Friday, 31 March 2023

Get Hendry… Assassin (1973), Indicator Pemini Organisation Box-set

Pissholes in the snow?

Sometimes the story behind the making of a film is as fascinating as the final product itself. I’d never heard of this film but that’s not unusual as I was in junior school at the time however there’s good reason why it’s not come to my attention since then as one of a piece with other tough-edged fare of this period including obviously Get Carter but also Sitting Target, Villain, Unforgiven, Man of Violence and many more.

The film was the second one made by the Pemini Organisation made up of  Peter Crane, Michael Sloan and Nigel Hodgson who leaving film school combined forces, and the first two letters of their names, to create this bold new imprint with which to make films that would capture the new wave of British style… a “young, independent British production company…” with “enthusiasm and vitality who don’t just talk about films, they make them”.

Sadly, despite making three well-cast and inventive films in three years, Pemini ran out of steam and funding leaving their output long unseen until the release of this superb Blu-ray set including Hunted, a high-suspense thriller starring Edward Woodward and June Ritchie, and two feature films: Moments, an enigmatic romantic mystery starring Keith Michell and Angharad Rees, and this one, Assassin, starring Ian Hendry, Edward Judd, Frank Windsor, Ray Brooks and Mike Pratt. The company’s ultimate failure was not down to lack of class or imagination but the complexities of distribution and the arid marketplace in seventies Britain for films that did not quite fit.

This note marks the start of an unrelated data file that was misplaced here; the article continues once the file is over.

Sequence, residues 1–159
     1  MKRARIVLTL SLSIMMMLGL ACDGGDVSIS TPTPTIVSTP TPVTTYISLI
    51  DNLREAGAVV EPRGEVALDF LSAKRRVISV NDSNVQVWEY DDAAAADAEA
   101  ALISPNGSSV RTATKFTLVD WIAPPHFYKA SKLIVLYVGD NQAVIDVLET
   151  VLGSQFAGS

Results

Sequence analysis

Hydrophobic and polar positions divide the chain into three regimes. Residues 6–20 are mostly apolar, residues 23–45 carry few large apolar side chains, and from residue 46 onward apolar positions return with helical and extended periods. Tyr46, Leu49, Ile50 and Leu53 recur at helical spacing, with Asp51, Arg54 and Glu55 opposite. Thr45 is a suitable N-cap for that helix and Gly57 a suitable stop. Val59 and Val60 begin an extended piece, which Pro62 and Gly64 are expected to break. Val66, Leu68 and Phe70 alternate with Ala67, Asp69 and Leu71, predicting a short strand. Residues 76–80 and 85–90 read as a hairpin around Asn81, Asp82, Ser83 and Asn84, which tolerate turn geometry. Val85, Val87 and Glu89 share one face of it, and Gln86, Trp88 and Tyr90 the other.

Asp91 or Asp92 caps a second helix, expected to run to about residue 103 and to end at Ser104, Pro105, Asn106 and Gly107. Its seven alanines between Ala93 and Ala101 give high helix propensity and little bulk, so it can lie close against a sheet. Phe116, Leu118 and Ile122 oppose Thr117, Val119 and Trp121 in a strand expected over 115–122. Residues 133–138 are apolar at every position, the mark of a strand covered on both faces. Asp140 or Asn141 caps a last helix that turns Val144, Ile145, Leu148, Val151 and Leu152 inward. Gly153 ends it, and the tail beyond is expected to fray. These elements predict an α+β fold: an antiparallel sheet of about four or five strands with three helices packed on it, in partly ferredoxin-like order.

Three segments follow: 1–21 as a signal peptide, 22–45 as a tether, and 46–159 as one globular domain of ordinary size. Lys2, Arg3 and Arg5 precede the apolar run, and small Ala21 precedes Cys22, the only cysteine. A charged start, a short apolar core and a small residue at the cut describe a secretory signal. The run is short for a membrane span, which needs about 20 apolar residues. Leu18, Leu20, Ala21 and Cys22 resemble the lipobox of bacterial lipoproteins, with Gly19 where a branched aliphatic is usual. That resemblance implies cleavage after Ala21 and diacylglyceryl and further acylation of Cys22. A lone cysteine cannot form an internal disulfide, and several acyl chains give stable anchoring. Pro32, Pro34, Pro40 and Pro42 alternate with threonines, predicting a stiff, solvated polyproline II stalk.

Ina Hendry

Directed by Peter Crane from a script by Michael Sloane, Assassin is full of fresh energy from the get-go as a darkened room shows illicit hands photographing classified materials. The scenes shift and we’re at British intelligence with MI5 Controller (Edward Judd) calling in his men to authorise a hit on the suspect who we quickly see is Ministry of Defence official John Stacy (Frank Windsor). Control tells two of his finest, Matthew (Mike Pratt on excellent form, edgy and unpredictable) and Luke (Frank Duncan) – biblical reference duly noted – to keep an eye, as he’s calling in one of the deadliest guns for hire and, at this short notice, and so un-planned, anything could go wrong.

Meanwhile we find Stacy working late in his office with, incidentally, a very attractive and familiar young secretary (Celia Imrie in her first film role). We discover that Stacy’s about to be the best man of the man who has just got the promotion he was, once again, passed over for, public school educated and connected, Edward Craig (Ray Brooks). Stacy’s preoccupied about many things yet he joins Craig’s stage night and is happy to be his best man for the wedding. Stacy’s wife Ann (the excellent Caroline John, RSC member and an early companion for Jon Pertwee’s Doctor) understands both men full well and just wishes her’s would accept his achievements in rising from state school and the working class.

Caroline John and Frank Windsor

If Stacy thinks he has problems, things are about to get worse as his Assassin arrives in the UK and begins to prepare for his work. Ian Hendry is magnetic in this film, carrying a wearily professional air but also clearly traumatised by his lifestyle and a recent near miss involving an Eastern Block agent who very nearly outcompeted him. There’s only so long you can stay on top of this game and this mission has come at the wrong time as he is not only haunted by the near-death experience but actively seeking to get out of the game.